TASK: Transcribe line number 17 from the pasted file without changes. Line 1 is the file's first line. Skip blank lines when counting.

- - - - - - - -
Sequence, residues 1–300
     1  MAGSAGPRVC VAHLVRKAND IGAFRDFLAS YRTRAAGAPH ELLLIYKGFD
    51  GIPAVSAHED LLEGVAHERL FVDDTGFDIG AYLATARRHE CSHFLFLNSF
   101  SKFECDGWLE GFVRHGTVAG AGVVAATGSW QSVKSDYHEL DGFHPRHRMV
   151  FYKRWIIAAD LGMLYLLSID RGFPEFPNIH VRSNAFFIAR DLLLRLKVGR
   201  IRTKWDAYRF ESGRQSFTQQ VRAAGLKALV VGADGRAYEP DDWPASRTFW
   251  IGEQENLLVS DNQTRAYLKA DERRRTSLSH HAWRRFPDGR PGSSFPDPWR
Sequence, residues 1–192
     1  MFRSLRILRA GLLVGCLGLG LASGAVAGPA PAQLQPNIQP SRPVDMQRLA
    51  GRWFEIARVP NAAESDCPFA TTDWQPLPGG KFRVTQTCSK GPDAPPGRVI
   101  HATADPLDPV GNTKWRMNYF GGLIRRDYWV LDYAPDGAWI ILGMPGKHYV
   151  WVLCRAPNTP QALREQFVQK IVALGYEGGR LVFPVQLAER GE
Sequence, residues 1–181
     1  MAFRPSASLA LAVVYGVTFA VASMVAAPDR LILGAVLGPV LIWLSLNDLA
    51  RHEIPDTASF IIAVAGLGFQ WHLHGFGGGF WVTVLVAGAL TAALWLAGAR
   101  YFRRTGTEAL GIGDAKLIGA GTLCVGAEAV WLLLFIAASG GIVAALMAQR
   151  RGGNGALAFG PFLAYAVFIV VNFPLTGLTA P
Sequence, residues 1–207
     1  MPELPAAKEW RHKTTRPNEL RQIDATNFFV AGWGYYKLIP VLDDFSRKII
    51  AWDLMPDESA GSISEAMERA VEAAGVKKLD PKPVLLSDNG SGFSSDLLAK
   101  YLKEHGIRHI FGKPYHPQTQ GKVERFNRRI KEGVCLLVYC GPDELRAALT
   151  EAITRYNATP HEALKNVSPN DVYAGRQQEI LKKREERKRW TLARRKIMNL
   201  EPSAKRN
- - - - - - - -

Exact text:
   151  RGGNGALAFG PFLAYAVFIV VNFPLTGLTA P